Calcium containing dietary supplements may produce ‘small, statistically significant weight loss’, according to a new meta-analysis.
Data from seven eligible trials showed that calcium may provide weight loss of around 1.5 kg per year, compared with placebo, according to results published in Nutrition Reviews.
In addition, a daily dose of 1,000 milligrams of calcium was associated with a “small, significant reduction in body fat” of about 2 kg per year, report the scientists, led by Igho Onakpoya from the Department of Complementary Medicine, Peninsula Medical School at the University of Exeter, UK.
“The present analysis indicates that evidence on calcium supplementation and weight management from published RCTs is scarce, and most RCTs have not been rigorously reported,” wrote the researcher.
“While the findings suggest that calcium supplementation for at least 6 months results in a statistically significant weight loss in obese and overweight individuals, the clinical relevance of this finding is uncertain,” they added.
Conflict or confusion?
The potential role of dairy, and the calcium it contains, for weight management is an area of ongoing debate. A relationship between dairy intake and weight reduction has been recorded in numerous studies, and dairy industries in Europe and the US have been promoting milk-based products for consumers who want to slim for some time.
There are even splits within the dairy camp, with some arguing that calcium and vitamin D are the active nutrients behind the effects. One of the lead researchers in this area, Dr Michael Zemel from the University of Tennessee, has previously said that dairy can help reduce body fat and that calcium only accounts for about 40 per cent of the effect.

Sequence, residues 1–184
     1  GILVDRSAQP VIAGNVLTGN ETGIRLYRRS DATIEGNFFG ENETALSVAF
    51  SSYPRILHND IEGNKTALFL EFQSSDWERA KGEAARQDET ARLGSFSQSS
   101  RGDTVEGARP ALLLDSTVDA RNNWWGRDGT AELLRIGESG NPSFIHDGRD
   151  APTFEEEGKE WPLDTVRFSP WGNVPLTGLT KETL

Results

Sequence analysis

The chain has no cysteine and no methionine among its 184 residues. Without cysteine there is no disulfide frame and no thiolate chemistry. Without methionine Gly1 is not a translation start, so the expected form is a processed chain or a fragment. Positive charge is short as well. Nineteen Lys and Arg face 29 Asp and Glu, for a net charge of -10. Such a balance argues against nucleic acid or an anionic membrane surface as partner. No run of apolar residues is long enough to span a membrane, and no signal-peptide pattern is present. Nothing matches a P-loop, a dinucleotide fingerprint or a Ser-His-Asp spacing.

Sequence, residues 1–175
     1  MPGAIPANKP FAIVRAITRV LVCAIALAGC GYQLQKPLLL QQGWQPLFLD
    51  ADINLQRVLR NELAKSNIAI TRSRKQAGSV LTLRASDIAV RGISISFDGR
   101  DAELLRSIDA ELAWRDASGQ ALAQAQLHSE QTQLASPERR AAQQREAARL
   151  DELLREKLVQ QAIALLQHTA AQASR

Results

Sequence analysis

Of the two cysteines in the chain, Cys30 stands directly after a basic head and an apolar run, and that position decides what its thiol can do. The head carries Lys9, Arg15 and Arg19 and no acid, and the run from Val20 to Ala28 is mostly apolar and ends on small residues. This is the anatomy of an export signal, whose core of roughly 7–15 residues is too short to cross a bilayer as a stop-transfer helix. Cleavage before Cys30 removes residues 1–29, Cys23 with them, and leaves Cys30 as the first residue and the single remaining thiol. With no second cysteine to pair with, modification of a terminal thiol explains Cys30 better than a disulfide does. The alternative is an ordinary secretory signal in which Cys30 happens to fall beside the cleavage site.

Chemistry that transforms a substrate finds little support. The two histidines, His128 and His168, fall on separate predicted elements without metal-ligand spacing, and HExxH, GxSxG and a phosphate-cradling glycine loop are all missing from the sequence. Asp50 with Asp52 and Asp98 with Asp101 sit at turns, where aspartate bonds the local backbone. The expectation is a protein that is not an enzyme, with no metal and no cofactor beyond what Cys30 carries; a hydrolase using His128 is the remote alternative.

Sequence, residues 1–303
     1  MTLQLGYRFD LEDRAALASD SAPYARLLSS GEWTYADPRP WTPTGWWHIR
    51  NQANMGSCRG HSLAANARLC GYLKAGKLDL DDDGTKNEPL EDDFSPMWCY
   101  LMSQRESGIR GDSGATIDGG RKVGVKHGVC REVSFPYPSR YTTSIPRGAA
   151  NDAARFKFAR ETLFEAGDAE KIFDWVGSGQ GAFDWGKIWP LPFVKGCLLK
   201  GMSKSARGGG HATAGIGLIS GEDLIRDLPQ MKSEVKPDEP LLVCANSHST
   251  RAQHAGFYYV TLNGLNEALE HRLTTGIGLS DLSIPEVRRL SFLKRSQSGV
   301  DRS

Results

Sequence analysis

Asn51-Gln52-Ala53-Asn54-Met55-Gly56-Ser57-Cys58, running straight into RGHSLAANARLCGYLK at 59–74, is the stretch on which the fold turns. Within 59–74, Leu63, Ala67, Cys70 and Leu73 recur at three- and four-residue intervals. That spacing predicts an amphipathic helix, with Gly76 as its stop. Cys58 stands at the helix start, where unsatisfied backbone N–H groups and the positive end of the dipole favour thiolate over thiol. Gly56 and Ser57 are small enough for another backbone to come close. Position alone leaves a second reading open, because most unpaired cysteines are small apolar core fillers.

In an accompanying editorial in the same journal, Robert Heaney from Creighton University in Nebraska said the meta-analysis afforded “an opportunity to clarify some of the confusion surrounding this issue”.
For a 140 kg woman seeking to lose half of her body weight, the mean weight loss calculated by Prof Ernst and his co-workers of about 1.5 kg per year would “have very limited interest.
“However, for a population confronting secular weight gain (e.g., otherwise healthy women atmid-life), this same weight effect is huge,” he said.
Prof Heaney added that there are four main conclusions that could responsibly be drawn from the meta-analysis: In addition to countering the weight gain that may occur in mid-life, calcium “should be a component of any weight loss regimen, as it augments the weight loss of a caloric deficit while protecting lean body mass; [it] is not a substitute for control of an energy intake/output imbalance; and [calcium] is not a drug and is certainly not a magic bullet”.
Onakpoya and his co-workers noted that reports in the literature do support biological plausibility for calcium to aid body weight and fat loss: One such mechanism could involve a decrease in levels of 1,25-vitamin D – the active form of the vitamin – which in stimulates the breakdown of fat and inhibits the action of fat cells.
There are also reports that indicate that a diet rich in calcium may promote the oxidation of fat, “resulting in the removal of additional amounts of calories from the body”.
Source: Nutrition Reviews